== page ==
Billions of dollars in bonds, daylight saving time and rent control are among the issues voters will be looking at next week. On Election Day, it isn’t just candidates you’ll be picking. There are eleven Statewide Propositions on the Nov. 6 ballot, too. Here’s a brief look at each one.
Proposition 1: Authorizes Bonds to Pay for Veterans and Affordable Housing Programs. (Put on ballot by Legislature)
If passed, Prop. 1 would authorize California to sell $4 billion in general obligation bonds to pay for affordable housing programs. Among other things, Prop. 1 bond funds would provide annual subsidies for up to 30,000 low-income households, would give down payment assistance to 15,000 homebuyers and provide home loans to 3,000 veterans. California’s cost to repay the bonds plus interest would be about $170 million each year for the next 35 years.
Proponents say Prop. 1 would help families and veterans struggling with the state’s high housing costs. Opponents say Prop. 1 would only provide housing for a small number of people and would lead to higher taxes for residents to pay off the bonds.
Proposition 2: Authorizes Bonds for Mental Health Housing Program (Put on ballot by Legislature)
In 2004, California voters approved Proposition 63 which raised income taxes for people earning more than $1 million to fund county-run mental health services. The tax generates $1.5 billion to $2.5 billion a year.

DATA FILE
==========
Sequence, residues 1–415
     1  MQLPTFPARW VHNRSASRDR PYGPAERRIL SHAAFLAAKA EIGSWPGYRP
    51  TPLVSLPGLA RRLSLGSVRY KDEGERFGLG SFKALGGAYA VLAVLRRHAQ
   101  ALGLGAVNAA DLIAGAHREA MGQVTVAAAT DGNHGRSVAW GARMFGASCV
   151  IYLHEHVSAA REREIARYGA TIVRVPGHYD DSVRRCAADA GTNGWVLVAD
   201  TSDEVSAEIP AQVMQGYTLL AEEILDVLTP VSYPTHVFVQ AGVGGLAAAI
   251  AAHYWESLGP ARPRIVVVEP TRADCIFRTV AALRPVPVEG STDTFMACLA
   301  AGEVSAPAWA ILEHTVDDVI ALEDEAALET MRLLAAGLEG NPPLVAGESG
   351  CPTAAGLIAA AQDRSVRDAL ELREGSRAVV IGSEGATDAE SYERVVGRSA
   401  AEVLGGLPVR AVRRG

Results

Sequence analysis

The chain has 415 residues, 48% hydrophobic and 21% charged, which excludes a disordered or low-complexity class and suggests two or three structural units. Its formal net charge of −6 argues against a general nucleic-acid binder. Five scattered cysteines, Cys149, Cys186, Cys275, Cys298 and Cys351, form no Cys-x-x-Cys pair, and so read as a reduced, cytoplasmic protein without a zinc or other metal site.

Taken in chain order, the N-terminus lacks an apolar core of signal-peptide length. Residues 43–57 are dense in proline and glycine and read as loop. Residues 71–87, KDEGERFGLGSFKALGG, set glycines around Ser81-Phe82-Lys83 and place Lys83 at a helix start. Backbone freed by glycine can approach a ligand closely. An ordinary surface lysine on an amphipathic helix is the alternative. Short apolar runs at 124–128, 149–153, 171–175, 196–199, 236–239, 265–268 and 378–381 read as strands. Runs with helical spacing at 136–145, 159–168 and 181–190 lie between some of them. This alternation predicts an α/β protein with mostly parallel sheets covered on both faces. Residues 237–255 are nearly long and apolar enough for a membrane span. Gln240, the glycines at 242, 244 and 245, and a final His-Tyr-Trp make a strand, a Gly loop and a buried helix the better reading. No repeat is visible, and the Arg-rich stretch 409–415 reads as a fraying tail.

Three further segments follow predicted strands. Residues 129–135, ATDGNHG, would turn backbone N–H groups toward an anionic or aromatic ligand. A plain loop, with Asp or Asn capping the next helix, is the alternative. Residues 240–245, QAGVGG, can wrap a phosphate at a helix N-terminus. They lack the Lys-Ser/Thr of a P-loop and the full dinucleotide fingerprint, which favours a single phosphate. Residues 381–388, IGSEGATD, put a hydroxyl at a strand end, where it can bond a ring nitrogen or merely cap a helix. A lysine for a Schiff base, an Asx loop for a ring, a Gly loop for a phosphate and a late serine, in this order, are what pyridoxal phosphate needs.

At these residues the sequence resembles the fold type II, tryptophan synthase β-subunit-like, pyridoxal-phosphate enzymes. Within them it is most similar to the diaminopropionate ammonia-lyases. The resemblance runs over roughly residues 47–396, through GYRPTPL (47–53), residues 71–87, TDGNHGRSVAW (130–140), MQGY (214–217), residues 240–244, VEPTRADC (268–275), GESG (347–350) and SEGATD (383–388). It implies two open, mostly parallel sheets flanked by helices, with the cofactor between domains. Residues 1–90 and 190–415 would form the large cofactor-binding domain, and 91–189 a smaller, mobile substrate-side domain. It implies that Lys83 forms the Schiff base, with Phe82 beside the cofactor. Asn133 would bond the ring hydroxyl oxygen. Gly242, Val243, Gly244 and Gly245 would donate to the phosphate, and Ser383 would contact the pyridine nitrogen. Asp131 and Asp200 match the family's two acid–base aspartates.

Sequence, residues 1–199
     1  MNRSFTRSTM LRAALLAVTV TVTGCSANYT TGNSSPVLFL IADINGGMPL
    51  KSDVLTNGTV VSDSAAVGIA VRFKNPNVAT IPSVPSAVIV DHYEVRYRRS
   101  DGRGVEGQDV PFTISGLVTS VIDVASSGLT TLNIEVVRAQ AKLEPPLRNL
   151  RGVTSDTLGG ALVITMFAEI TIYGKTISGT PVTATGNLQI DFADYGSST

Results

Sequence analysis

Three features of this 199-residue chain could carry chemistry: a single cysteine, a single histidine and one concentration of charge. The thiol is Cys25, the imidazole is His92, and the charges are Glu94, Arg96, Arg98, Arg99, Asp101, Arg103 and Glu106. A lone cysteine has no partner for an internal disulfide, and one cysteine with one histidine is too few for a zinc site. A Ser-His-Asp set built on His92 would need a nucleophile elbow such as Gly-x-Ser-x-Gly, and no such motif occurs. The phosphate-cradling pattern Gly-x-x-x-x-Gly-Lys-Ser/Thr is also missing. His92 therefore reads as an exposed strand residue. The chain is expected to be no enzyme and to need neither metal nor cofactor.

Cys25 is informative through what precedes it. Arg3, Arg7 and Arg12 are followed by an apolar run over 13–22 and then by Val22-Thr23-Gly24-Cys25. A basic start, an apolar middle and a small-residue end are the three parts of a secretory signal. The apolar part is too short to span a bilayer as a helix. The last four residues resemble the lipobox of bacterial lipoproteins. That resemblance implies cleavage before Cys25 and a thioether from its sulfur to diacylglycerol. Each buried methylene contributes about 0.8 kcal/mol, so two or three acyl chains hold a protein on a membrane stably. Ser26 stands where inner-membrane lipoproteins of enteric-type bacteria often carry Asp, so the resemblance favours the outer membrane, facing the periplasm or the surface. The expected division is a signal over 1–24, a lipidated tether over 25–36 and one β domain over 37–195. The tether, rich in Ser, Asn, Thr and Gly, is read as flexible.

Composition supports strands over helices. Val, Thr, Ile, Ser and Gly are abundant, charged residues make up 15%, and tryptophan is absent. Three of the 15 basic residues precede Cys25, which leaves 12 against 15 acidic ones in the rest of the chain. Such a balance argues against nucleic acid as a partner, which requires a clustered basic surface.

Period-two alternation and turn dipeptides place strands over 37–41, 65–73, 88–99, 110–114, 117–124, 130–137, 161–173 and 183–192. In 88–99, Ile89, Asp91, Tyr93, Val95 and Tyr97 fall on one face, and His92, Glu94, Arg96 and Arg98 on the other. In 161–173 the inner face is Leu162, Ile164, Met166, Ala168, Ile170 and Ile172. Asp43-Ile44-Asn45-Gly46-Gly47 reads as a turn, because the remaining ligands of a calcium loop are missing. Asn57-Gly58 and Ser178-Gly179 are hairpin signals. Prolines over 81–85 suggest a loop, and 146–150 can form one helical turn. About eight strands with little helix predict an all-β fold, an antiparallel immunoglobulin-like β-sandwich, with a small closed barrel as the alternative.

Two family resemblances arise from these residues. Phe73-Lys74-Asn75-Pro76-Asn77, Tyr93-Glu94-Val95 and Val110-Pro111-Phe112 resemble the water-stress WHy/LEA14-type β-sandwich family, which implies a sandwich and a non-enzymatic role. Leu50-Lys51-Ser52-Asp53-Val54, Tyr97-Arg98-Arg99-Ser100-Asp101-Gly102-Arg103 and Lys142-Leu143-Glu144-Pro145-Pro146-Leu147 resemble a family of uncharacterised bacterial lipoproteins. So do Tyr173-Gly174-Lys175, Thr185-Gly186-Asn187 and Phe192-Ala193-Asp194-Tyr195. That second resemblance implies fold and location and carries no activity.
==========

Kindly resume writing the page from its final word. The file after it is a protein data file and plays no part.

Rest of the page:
In 2016, the State Legislature created a program aimed at housing homeless people with mental health needs.
Voting in favor of Proposition 2 would allow the state to sell up to $2 billion in revenue bonds to help pay for the housing program and use up to $140 million a year from Prop. 63 funds to finance it.
Proponents say Prop. 2 will help tackle the problem of homelessness which can be complicated by mental illness. Opponents say counties already use Prop. 63 funds for housing and say Prop. 2 spends money on buildings instead of treatment.
Proposition 3: Bonds for Water Supply and Quality (Put on ballot by Petition Signatures)
Prop. 3 would authorize California to sell $8.877 billion in general obligation bonds for infrastructure projects related to the water supply. This includes watershed protection, drinking water, wildlife habitat improvements and dam and reservoir repairs. Most funding would be distributed as grants to local government agencies, nonprofits and private water companies with some requiring matching funds. It would cost the state about $430 million a year for 40 years to pay back the bonds plus interest. Local governments would save an average couple hundred million dollars annually for the next few decades.
Proponents say Prop. 3 will provide safe drinking water for millions of Californians.
Opponents say Prop 3. doesn’t do enough to fix the state’s water shortage and spends too much money on parks and wildlife.
Proposition 4: Children’s Hospital Bonds (Put on ballot by Petition Signatures)
Proposition 4 would authorize California to sell $1.5 billion in general obligation bonds for capital improvement projects at certain hospitals that treat children. The state’s eight private nonprofit Children’s Hospitals, including Children’s Hospital in Orange County and Miller Children’s Hospital in Long Beach, would be eligible for 72% of the bond funds. The average repayment costs for the bonds total about $80 million annually over 35 years.